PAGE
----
On an afternoon in the summer of 1944, the British and Japanese warplanes screamed across the peaceful skies dropping death over the dense jungles of Imphal and Kohima along the India Burma border.
On the frontline there was no time for fear.
Half a million men from all corners of the world were locked in one of the bloodiest battles of World War II. Firmly holding the tricolor, the Indian National Army advanced with the war cry “Delhi Chalo” (Onwards to Delhi). Their military objective was India’s independence. And their leader was Subhas Chandra Bose. With shells blasting, guns blazing and blood flowing, this was the defining moment of his life. He was the solitary Indian nationalist to confront the mighty British Empire on the battlefield.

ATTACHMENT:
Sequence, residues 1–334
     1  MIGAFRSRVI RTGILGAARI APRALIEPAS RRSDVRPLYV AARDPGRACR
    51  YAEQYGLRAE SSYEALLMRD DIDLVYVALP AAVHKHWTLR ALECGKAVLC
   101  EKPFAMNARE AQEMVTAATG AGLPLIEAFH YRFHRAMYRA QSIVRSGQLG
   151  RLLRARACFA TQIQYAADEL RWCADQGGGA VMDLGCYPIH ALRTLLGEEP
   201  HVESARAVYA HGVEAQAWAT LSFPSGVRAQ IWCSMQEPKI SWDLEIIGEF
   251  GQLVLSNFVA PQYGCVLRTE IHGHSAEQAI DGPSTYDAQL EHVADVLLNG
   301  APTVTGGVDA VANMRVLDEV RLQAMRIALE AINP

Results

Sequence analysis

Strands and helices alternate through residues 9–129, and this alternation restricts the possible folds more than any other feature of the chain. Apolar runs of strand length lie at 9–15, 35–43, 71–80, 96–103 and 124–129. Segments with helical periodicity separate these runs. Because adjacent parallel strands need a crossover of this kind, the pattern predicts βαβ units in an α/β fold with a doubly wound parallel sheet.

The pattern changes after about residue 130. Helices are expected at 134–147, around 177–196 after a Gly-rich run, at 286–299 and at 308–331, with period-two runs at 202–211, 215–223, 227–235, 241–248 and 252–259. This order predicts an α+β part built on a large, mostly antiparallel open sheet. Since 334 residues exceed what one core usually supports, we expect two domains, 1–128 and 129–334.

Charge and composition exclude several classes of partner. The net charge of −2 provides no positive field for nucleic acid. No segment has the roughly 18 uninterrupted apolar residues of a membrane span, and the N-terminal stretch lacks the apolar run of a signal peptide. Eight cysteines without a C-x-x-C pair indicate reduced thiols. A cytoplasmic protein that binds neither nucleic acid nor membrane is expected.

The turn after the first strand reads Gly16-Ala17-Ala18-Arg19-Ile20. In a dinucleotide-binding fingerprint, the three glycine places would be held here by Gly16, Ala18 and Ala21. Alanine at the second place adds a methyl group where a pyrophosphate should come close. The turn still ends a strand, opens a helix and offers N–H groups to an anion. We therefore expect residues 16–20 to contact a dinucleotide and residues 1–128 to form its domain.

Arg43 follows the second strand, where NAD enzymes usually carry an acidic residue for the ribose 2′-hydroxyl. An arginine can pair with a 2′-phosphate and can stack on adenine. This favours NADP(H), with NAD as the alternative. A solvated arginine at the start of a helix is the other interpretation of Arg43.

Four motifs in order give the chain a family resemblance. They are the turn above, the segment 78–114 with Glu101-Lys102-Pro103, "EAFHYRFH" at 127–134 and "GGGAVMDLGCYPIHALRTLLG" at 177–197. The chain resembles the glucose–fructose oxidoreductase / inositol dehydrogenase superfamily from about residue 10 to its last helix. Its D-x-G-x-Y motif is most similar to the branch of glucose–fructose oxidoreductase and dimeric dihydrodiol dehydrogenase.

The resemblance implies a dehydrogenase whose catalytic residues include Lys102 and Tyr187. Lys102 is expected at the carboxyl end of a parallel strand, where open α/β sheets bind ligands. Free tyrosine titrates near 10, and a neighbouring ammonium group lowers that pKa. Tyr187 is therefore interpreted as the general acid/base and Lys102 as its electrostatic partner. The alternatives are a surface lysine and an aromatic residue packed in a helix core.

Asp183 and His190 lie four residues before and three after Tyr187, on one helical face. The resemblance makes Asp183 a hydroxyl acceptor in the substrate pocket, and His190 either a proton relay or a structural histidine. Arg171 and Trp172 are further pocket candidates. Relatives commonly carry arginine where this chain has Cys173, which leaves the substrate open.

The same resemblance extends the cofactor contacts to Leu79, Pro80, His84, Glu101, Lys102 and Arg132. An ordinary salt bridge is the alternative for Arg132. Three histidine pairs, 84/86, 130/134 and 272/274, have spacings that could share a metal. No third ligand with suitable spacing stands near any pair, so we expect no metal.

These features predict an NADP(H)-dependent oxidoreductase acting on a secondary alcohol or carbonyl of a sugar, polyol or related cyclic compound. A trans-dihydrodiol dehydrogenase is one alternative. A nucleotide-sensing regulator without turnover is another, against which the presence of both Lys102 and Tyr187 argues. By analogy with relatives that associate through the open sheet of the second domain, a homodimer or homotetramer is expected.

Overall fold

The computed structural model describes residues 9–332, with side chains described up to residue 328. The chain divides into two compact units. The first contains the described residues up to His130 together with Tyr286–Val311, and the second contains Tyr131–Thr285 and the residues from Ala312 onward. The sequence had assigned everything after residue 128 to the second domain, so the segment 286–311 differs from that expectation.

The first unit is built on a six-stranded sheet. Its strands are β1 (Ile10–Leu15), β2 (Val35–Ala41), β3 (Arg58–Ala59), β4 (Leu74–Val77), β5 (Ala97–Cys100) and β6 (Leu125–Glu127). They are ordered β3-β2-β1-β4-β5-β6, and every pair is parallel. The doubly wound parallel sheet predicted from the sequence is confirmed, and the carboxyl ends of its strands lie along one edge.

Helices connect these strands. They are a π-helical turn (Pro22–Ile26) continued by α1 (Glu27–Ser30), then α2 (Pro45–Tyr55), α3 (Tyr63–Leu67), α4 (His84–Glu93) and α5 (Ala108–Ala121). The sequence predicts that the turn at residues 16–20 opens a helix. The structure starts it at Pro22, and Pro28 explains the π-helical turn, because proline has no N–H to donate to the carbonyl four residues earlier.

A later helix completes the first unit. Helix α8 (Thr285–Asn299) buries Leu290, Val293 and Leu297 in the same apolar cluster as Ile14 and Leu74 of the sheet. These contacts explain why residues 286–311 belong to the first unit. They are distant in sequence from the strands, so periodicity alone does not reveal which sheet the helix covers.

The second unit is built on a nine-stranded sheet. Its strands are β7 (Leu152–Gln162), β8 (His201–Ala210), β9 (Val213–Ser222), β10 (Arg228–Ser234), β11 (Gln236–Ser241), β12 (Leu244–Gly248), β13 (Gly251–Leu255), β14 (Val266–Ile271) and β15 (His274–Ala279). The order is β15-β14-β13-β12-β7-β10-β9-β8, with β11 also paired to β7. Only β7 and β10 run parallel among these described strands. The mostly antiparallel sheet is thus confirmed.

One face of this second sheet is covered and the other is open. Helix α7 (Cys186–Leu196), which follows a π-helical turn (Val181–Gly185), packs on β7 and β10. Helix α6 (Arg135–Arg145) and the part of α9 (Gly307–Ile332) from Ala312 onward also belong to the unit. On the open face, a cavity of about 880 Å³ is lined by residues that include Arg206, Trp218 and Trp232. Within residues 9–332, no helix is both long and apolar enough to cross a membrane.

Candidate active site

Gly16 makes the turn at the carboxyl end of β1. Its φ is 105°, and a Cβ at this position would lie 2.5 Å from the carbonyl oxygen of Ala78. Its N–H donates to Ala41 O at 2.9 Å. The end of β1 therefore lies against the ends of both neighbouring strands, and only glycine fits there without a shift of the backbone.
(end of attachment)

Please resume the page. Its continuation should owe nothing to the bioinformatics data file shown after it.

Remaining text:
A man of extraordinary will, Bose had embarked on death defying journeys for his motherland’s freedom across the treacherous mountains of Afghanistan, threatening waves of Atlantic and Indian Oceans, tortuous jungles of Burma – pursued by assassins and the spectre of death. Faced with impossible odds, he was determined to triumph over an undefined future with courage, dignity and honor. Bose had become the stuff of legends in his own lifetime. And he was “The Prince of Patriots”.